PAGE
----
Is the LP you're asking about, is that the Thousand Oak's LP-1 or -2?

 

Or are you referring to "Light Pollution" filter's?



#13 Akol47

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Posted 09 February 2019 - 03:30 PM

Would be a light pollution filter but I have read that some of the UHC filters are essentially light pollution filters



#14 Akol47

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Posted 09 February 2019 - 03:33 PM

Is there a specific brand of UHC you would recommend, noting that I'm only using 1.25 EPs



#15 Mike W.

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Posted 09 February 2019 - 03:47 PM

Would be a light pollution filter but I have read that some of the UHC filters are essentially light pollution filters

In a way yes and no, to much of a broadband filter,,,,,

 

With the smaller aperture of your equipment in your signature, the more the reason for line filter (O-III), or UHC  (Narrow Band) 

 

To help you understand, yes you want to block light pollution but there is so much now from full spectrum LED lighting that you might as well target the emission lines of the DSO's and block everything else out, yes it darkens the view a lot and that's also the reason for dark site locations, the more your eye's get dark dark adapted then the faint light of the DSO can be seen.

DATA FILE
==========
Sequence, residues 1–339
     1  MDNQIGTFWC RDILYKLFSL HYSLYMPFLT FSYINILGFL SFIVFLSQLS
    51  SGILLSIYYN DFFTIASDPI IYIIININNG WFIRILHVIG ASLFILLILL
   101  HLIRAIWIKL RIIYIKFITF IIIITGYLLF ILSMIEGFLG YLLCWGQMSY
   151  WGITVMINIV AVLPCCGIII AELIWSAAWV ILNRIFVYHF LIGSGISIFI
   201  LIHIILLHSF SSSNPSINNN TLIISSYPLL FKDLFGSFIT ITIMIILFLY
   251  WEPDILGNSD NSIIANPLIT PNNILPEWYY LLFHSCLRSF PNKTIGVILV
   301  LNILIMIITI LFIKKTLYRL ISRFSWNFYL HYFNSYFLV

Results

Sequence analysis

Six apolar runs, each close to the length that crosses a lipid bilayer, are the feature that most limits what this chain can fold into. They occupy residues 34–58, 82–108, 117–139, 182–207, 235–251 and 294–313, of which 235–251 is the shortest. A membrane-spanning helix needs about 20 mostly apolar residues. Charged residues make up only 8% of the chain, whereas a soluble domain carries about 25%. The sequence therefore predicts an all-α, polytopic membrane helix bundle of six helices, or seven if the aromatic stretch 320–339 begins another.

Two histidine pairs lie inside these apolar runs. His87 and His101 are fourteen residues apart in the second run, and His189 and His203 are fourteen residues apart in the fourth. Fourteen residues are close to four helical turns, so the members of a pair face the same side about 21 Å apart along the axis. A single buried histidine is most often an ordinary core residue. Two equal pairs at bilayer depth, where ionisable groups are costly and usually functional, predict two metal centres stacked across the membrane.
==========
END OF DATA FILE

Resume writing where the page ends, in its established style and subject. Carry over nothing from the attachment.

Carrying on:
When you block all the other light out except the DSO's emission light, it's not very much light to work with.

 

Helpful?

 

Might try viewing hoods, but every time your head leaves it's cover you'll have to wait for them to adapt dark again.



#16 Akol47

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Posted 09 February 2019 - 04:08 PM

Very helpful, again I've only been considering them but your reasoning makes sense



#17 Starman1

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Posted 09 February 2019 - 04:56 PM

If I'm reading this correctly filters are better suited for faster scopes with larger EPs? I've been considering either an UHC or LP. I know some are one in the same but it seems more reasonable to me to find out if my scopes would benefit from a filter. Do any of the LP or UHC or OIII filters work for visual?

Uh, no, they aren't only for fast scopes and large eyepieces.

They work by restricting the bandwidth transmitted to mostly the nebula emission lines and blocking the rest.

This increases contrast, making the nebulae more visible.

They work for all f/ratios.

However, as the field dims with increased magnification, the contrast enhancement diminishes, so they are typically used at low powers, under, say, 10x/inch of aperture.

 

Yes, your scopes would benefit from the use of nebula filters.

 

Just about all of them were originally intended for visual use.

 

There are a few basic visual types:

 

--broadband (aka LPR).  Transmit all the light except for a swath in the yellow-orange.  These were designed back when those wavelengths were where most light pollution was.